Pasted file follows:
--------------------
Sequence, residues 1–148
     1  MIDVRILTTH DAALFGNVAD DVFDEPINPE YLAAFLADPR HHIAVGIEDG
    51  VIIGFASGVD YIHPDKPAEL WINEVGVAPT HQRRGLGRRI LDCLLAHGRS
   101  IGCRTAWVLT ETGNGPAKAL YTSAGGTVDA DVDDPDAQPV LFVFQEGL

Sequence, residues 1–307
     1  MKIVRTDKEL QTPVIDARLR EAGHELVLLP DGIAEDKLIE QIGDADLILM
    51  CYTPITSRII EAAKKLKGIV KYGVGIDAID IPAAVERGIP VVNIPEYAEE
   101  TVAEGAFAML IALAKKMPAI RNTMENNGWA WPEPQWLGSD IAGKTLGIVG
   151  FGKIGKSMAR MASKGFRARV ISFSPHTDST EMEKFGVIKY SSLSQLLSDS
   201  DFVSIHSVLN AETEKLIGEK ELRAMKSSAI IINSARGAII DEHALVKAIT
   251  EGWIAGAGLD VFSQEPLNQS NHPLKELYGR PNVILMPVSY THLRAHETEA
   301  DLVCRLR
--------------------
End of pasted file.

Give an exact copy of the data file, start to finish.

Sequence, residues 1–148
     1  MIDVRILTTH DAALFGNVAD DVFDEPINPE YLAAFLADPR HHIAVGIEDG
    51  VIIGFASGVD YIHPDKPAEL WINEVGVAPT HQRRGLGRRI LDCLLAHGRS
   101  IGCRTAWVLT ETGNGPAKAL YTSAGGTVDA DVDDPDAQPV LFVFQEGL

Sequence, residues 1–307
     1  MKIVRTDKEL QTPVIDARLR EAGHELVLLP DGIAEDKLIE QIGDADLILM
    51  CYTPITSRII EAAKKLKGIV KYGVGIDAID IPAAVERGIP VVNIPEYAEE
   101  TVAEGAFAML IALAKKMPAI RNTMENNGWA WPEPQWLGSD IAGKTLGIVG
   151  FGKIGKSMAR MASKGFRARV ISFSPHTDST EMEKFGVIKY SSLSQLLSDS
   201  DFVSIHSVLN AETEKLIGEK ELRAMKSSAI IINSARGAII DEHALVKAIT
   251  EGWIAGAGLD VFSQEPLNQS NHPLKELYGR PNVILMPVSY THLRAHETEA
   301  DLVCRLR